Human Rights and Civil Society

Researcher finds financial discrepancies in Mexican participation in World Fairs

A blogger brought attention to the possible misuse of public funds for Mexico’s participation in World Fairs. His research is raising additional questions over how money is being used to fund the upcoming 2010 World Fair in Shanghai.

The researcher, Cesar Corona, has filed numerous public records requests with Mexican authorities to document the distribution of funds for the World Fairs, according to El Universal. Corona has focused his research on Mexico’s participation in Aichi in 2005 and Zaragoza, Spain in 2008. According to his findings, Mexico spent at least 305 million pesos in the pavilion that was constructed in Zaragoza compared to the more moderate amount of 179 million pesos spent by Japan. Updates on Corona’s public records requests are displayed in several blogs he created, including one for the upcoming Expo 2019 in Shanghai. His findings recently caught the attention of El Universal newspaper, which wrote a story about the issue that credited Corona’s investigations.

Corona, a graduate in international relations at the UNAM, notes that in 2008 Mexico handed over the management of Mexico’s participation in the World Fair to a group called ProMexico. According to the official definition, ProMexico is a group that assists in promoting exports from established countries in the country and coordinates activities to attract foreign investment. Previously, management of the process was done by the Secretary of Exterior Relations. Corona raises the question of whether it was appropriate to transfer responsibilities of the cultural event to an organization involved in promoting investment and commerce.

Corona is hoping to obtain an audit of the money spent on the 2008 World Fair, but in the meantime he has compiled bits and pieces from more than 100 public information requests. In one of the documents, he was able to detail how in 2006 the office of the Secretary of Exterior Relations paid 600,000 pesos to a group called MetaDesarrollo for a preliminary assessment for the project. The final report was an Excel table with eight concepts detailed with costs, more than 100 pages of historical background of previous World Fairs and a synthesis of official information regarding the upcoming World Fair.

No methodology was explained to justify the cost of Mexico’s participation at 66.7 million pesos in “salaries and honorariums”, with a total cost of more than 252 million pesos, according to El Universal. César Corona also documented that there was not a competition to elect the design of the pavilion for Zaragoza, according to El Universal. One example of possible anomalies in the World Fair of Aichi was the payment of 7 million pesos in salaries to 30 employees in one month.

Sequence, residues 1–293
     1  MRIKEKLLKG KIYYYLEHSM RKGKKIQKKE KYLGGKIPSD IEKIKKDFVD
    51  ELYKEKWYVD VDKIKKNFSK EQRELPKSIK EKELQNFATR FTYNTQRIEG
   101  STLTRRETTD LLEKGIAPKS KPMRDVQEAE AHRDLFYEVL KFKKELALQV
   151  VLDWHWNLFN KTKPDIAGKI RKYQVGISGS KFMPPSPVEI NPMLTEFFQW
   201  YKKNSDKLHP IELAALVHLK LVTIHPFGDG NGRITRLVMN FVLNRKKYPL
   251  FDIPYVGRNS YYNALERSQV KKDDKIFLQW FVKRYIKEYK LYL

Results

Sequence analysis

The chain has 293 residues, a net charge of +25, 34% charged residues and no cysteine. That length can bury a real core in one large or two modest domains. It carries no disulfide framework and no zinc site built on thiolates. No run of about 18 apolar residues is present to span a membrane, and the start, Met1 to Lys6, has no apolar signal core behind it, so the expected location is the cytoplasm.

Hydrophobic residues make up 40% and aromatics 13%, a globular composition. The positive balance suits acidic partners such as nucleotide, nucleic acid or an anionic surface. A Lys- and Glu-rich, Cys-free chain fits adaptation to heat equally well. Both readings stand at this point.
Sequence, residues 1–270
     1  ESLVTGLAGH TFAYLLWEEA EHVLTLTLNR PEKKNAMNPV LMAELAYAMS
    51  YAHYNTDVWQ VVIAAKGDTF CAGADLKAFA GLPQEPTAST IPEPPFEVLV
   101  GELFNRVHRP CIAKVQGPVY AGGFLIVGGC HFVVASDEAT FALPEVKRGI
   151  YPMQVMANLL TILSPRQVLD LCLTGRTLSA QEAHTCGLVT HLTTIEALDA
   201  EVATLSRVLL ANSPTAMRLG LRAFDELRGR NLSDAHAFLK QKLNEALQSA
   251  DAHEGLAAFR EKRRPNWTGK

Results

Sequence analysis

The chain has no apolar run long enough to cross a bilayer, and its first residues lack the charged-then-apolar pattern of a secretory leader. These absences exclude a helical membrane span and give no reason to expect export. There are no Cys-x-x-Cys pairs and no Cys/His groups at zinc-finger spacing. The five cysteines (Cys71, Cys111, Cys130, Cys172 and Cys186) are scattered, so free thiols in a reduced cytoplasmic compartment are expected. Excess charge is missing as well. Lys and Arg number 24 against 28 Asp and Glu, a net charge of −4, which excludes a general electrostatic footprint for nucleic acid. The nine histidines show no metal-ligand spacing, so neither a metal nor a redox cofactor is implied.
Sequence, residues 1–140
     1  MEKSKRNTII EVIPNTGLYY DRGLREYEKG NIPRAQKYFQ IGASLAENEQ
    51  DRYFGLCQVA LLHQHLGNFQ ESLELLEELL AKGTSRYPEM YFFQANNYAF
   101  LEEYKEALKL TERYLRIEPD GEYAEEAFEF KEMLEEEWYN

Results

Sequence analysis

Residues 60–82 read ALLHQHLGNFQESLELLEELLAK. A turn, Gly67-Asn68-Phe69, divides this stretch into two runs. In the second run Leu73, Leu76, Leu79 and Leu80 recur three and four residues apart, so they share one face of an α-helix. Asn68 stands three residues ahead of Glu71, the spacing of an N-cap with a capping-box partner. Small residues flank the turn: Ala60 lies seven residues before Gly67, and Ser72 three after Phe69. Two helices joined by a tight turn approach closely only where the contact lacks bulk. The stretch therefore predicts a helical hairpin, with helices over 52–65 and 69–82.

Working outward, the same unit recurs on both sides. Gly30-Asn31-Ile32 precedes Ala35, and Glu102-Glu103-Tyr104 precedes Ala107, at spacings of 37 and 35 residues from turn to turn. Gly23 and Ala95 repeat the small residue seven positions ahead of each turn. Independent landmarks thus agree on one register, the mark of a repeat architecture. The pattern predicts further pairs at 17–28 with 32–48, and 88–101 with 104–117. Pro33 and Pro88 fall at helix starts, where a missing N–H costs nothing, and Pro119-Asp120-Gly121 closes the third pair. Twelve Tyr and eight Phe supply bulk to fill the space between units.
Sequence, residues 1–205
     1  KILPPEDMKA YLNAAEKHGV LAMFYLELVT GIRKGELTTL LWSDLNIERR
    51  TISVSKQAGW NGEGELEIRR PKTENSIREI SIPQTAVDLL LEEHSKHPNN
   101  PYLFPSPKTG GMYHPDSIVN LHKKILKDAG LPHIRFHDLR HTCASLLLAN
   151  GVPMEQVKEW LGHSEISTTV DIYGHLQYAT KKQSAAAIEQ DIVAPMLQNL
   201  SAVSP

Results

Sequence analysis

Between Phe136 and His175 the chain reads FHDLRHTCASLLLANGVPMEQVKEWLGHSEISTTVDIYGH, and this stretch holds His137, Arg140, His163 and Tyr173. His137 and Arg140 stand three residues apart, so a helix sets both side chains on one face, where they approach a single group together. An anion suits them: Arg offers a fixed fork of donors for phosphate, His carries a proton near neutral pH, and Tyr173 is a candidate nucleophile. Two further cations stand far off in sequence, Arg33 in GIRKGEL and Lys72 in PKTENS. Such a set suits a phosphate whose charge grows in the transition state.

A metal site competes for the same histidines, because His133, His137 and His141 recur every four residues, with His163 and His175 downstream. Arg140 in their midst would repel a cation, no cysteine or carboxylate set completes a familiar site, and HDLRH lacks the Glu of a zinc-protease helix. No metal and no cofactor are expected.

According to the El Universal article, ProMexico officials emphasized that they are committed to transparency and efforts are being made to improve their accountability. For example, Expo Zaragoza 2008 was a more transparent process than Aichi of 2005 because it was organized in a way so that it can be audited. For the upcoming World Fair, ProMexico has designated 344.5 million pesos for a pavilion. The bidding process for the pavilion construction was won by Creatividad y Espectáculos, S.A. de C.V. In reaction to his findings, Corona has been invited to participate in the advisory council for the planning of the upcoming World Fair in China.

Meanwhile, Corona has started another blog that is meant to bring attention to public information requests he files for other matters that catch his eye. The most recent one he writes about is his search for information about the exact location of all the archeological sites in the Federal District. Despite a response from the Federal Institute for Access to Public Information that reserved release of the documents to prevent damage to the sites, the National Institute of Anthropology and History provided him with an exact location of 310 of the sites. He was able to confirm that one of them was just a few streets from his home and 73 others exist in the delegation he lives in.

From the July Justice in Mexico Project’s Monthly News Report:


Aguilar, Julio. “ProMexico gasta mas de Japon en un Expo.” El Universal. June 17, 2009.

Corona, Cesar.

Corona, Cesar.

Corona, Cesar,

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